• "A fine calculation you are making!" said Don Quixote; "it is plain you don’t know the ins and outs of the printers, and how they play into one another’s hands.
  • Don Quixote smiled when he heard these words, and said very calmly, "Come now, base, ill-born brood; call ye it highway robbery to give freedom to those in bondage, to release the captives, to succour the miserable, to raise up the fallen, to relieve the needy?
  • Meanwhile Don Quixote shut himself up in his room with Sancho, and when they were alone he said to him, "It grieves me greatly, Sancho, that thou shouldst have said, and sayest, that I took thee out of thy cottage, when thou knowest I did not remain in my house.
  • "Say no more, Senor Don Quixote, say no more," said the duchess; "I assure you I will give orders that not even a fly, not to say a damsel, shall enter your room.
  • Turning to Don Quixote, the duke said, "After all, renowned knight, the mists of malice and ignorance are unable to hide or obscure the light of valour and virtue.
  • "Luckless that I am!" said Don Quixote, hearing the sad news his squire gave him; "I had rather they despoiled me of an arm, so it were not the sword-arm; for I tell thee, Sancho, a mouth without teeth is like a mill without a millstone, and a tooth is much more to be prized than a diamond; but we who profess the austere order of chivalry are liable to all this.
  • Don Quixote bade him tell some story to amuse him as he had proposed, to which Sancho replied that he would if his dread of what he heard would let him; "Still," said he, "I will strive to tell a story which, if I can manage to relate it, and nobody interferes with the telling, is the best of stories, and let your worship give me your attention, for here I begin.
  • Then turning to address Don Quixote he said, "And you, num-skull, who put it into your head that you are a knight-errant, and vanquish giants and capture miscreants?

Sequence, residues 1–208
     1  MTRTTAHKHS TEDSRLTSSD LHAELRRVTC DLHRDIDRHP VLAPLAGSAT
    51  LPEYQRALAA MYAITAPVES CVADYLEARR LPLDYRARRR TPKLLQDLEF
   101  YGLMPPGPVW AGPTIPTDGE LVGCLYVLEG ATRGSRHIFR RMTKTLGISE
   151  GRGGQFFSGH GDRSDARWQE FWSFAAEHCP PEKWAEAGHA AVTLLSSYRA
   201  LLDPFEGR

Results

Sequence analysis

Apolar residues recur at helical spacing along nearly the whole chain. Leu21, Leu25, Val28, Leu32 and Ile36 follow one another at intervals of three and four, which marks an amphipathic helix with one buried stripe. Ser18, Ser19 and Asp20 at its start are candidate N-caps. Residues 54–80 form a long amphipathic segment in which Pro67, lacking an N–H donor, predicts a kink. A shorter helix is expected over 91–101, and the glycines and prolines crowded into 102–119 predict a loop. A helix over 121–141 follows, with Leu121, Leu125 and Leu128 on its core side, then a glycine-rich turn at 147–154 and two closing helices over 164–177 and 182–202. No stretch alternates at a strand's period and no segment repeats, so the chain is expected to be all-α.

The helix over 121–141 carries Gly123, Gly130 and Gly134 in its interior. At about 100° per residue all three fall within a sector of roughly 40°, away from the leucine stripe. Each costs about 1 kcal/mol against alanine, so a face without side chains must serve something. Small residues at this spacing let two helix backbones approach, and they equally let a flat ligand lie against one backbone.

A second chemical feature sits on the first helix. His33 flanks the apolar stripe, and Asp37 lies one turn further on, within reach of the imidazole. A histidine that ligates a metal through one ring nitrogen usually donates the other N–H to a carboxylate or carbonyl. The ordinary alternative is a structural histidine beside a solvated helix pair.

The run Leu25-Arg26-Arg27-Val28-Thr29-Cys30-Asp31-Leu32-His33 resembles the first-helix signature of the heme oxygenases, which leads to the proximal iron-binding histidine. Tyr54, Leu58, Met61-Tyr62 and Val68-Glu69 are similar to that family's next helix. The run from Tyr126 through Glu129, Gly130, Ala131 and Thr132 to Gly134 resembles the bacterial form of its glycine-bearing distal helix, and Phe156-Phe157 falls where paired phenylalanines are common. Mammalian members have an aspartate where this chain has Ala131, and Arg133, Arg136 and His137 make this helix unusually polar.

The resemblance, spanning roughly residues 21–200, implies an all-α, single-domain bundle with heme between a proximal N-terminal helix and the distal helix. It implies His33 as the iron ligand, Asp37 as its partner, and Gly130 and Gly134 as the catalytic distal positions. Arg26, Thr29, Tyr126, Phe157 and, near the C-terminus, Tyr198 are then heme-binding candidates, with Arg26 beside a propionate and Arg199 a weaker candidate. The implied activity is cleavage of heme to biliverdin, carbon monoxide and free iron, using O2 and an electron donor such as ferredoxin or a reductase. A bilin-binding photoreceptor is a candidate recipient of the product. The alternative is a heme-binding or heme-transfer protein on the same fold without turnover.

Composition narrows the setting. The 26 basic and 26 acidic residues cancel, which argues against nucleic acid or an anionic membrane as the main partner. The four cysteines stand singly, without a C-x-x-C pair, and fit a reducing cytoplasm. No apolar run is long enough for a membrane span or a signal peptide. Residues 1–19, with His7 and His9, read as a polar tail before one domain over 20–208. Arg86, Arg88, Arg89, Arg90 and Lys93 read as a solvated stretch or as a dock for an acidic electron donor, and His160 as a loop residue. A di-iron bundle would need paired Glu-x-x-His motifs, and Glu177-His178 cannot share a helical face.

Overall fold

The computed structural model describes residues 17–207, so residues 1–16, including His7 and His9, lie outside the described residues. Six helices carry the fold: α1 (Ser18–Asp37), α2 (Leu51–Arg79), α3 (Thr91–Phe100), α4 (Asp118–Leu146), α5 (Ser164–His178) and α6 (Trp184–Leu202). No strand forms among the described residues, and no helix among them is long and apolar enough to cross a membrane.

• "I would lay a good wager with you, Sancho," said Don Quixote, "that now that you are talking on without anyone to stop you, you don’t feel a pain in your whole body.
  • "I would venture to swear," said Don Quixote, "that your worship is not known in the world, which always begrudges their reward to rare wits and praiseworthy labours.
  • Better leave all that to my master Don Quixote, who will settle it and make all safe in a trice; for I, sinner that I am, God help me, don’t understand these scuffles."
  • "Mine," replied Don Quixote, "is to be of service to you, so much so that I had resolved not to quit these mountains until I had found you, and learned of you whether there is any kind of relief to be found for that sorrow under which from the strangeness of your life you seem to labour; and to search for you with all possible diligence, if search had been necessary.
  • At this point Sancho Panza, who had drawn near to hear the conversation, said, in order to make everything plain, "Well, sirs, you may like or dislike what I am going to say, but the fact of the matter is, my master, Don Quixote, is just as much enchanted as my mother.
  • "That, Sancho," returned Don Quixote, "reminds me of what happened to a famous poet of our own day, who, having written a bitter satire against all the courtesan ladies, did not insert or name in it a certain lady of whom it was questionable whether she was one or not.
  • Then Don Quixote came forward and said, "Tell me, thou that answerest, was that which I describe as having happened to me in the cave of Montesinos the truth or a dream?
  • Don Quixote dismounted to examine his wounds, but finding him whole from head to foot, he said to him, angrily enough, "In an evil hour didst thou take to braying, Sancho!